We live currently of awesome cosplay costumes. An upswing and rise of cosplay culture, the emergence of comic artists using a savvy knowledge of fashion, and also the slow diversification that’s making heroes palatable to a broader audience, supply contributed to a costuming culture with a lot more to supply than capes and pants.
Superhero costumes have invariably been an asset to the market, because iconography helps establish character and make a brand. But the value of costumes in reaching audiences and reinventing characters appears to be recognized now as never before, resulting in the increase of artist-designers like Jamie McKelvie and Kris Anka, who don’t even must be on the particular book to be called in to make-across the characters. This is a great leap forward in understanding exactly what a good costume can perform – and the special skills required to accomplish it.
Moon Knight was really a mess of a character before his 2014 revival in the hands of Warren Ellis, Declan Shalvey, and Jordie Bellaire. Contradictory efforts by multiple creative teams to obtain the character’s core only served to layer junk upon junk. Moon Knight was intended to be complex; he became cluttered.
Ellis, Shalvey and Bellaire streamlined him down and gave him a clearly defined new role – the hero who protects travellers through the night – along with a change; a natty white suit. Both elements helped pull Moon Knight out from the mire of Marvel’s many failed faux-Batmen and then make him his man the very first time.
Moon Knight’s new costume at the same time underlines his insanity – his old white suit was never the sane strategy to fight crime, now it’s an actual white suit – and exerts his outer calm, his cool lunar placidity. It gives him authority. It can make him scary. And it makes him usually the one superhero detective who dresses such as a detective, which seems like a statement of purpose.
The suit is not Moon Knight’s only costume – within their six issues, the creative team also showed us a crazy bone outfit for fighting the occult along with a more traditional but nonetheless refreshed carry out his old cape-and-cowl look. Both costumes look wonderful and make perfect sense on the character – these aren’t Stealth Strike Scuba Assault Batman action figure costumes. But when there’s any sense on earth, it’s the white suit which will become Moon Knight’s new default. It redefines him. It gives him a brand new place which is uniquely his very own inside a town of heroes.
Great costumes can provide just this sort of redemption. Shatterstar, a joke of the character along with his mullet and opera cloak, was suddenly credible thanks to a redesign (and a fresh haircut) courtesy of Valentine De Landro and David Yardin. Jamie McKelvie’s Captain Marvel design – arguably the most obvious trigger for your current “golden age” of d.va costumes – was about re-positioning Carol Danvers among Marvel’s premier heroes. The tailored military look drew a line between her present-day “top gun” persona as well as the old, victimized, drunken Carol, who did actually prefer editing magazines to flying planes.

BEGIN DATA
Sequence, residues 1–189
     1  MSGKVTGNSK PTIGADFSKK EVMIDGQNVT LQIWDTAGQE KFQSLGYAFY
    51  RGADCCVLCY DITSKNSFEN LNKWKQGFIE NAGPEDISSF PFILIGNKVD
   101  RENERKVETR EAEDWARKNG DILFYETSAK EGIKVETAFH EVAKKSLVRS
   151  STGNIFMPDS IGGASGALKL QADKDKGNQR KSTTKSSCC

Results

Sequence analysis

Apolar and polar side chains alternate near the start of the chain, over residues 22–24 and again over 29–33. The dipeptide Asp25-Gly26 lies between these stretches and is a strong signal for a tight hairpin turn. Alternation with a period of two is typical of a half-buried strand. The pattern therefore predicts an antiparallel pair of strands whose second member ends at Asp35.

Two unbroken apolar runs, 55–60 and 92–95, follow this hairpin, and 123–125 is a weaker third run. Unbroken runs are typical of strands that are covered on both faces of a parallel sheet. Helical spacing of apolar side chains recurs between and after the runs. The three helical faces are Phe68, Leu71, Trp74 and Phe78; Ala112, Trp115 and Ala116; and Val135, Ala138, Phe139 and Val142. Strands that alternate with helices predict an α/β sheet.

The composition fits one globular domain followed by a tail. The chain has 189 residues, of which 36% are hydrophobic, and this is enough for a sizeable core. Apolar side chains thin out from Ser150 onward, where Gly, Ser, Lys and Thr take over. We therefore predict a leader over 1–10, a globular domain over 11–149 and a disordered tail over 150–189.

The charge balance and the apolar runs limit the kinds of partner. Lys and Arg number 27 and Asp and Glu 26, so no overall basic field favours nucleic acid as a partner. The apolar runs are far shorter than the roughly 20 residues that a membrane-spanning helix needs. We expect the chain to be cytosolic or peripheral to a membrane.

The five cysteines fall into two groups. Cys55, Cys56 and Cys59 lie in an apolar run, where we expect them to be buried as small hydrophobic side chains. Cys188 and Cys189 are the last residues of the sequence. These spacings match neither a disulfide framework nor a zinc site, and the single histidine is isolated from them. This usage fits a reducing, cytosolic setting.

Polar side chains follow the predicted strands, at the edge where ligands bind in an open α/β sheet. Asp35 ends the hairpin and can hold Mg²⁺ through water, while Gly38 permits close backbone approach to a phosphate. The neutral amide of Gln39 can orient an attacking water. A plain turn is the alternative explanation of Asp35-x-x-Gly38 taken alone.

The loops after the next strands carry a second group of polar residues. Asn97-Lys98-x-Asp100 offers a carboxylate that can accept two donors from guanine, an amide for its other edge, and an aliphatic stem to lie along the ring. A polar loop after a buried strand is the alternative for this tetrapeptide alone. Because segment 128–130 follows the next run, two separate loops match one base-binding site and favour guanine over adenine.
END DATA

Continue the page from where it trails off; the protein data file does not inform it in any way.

It’s difficult to suppose that even Batman group editor Mark Doyle truly understood what exactly he was tapping into as he handed Batgirl up to the brand new creative team of Brenden Fletcher, Cameron Stewart and Babs Tarr, with Stewart and Tarr collaborating in the character’s new look. I’m sure Doyle expected great things, however the torrent of fan-art that emerged within the 24-hours after the reveal of Batgirl’s new costume was unprecedented. Such was the mania that cosplayers very quickly bought out your world’s supply of Drench Wellington yellow rubber Doc Marten boots.
What happened with Batgirl was the spark of the movement located in large part on the smart new costume that spoke to Barbara Gordon’s character, intelligence, style, and set in everyday life. This design looked less such as a Batman cast-off, and much more like something a young woman will make for herself to craft her very own identity beneath the bat-cowl.
Sure, there was critics. Fans whose philosophy on everything from high-heeled shoes to strapless tops has always been, “it can’t be impractical if she’s wearing it” were suddenly in revolt at the thought of a leather jacket that hid the character’s boobs. Nevertheless the thrift-store style, the snap-on cape, the zips and buckles, were all character-first elements of design, and that’s how good costume design should work.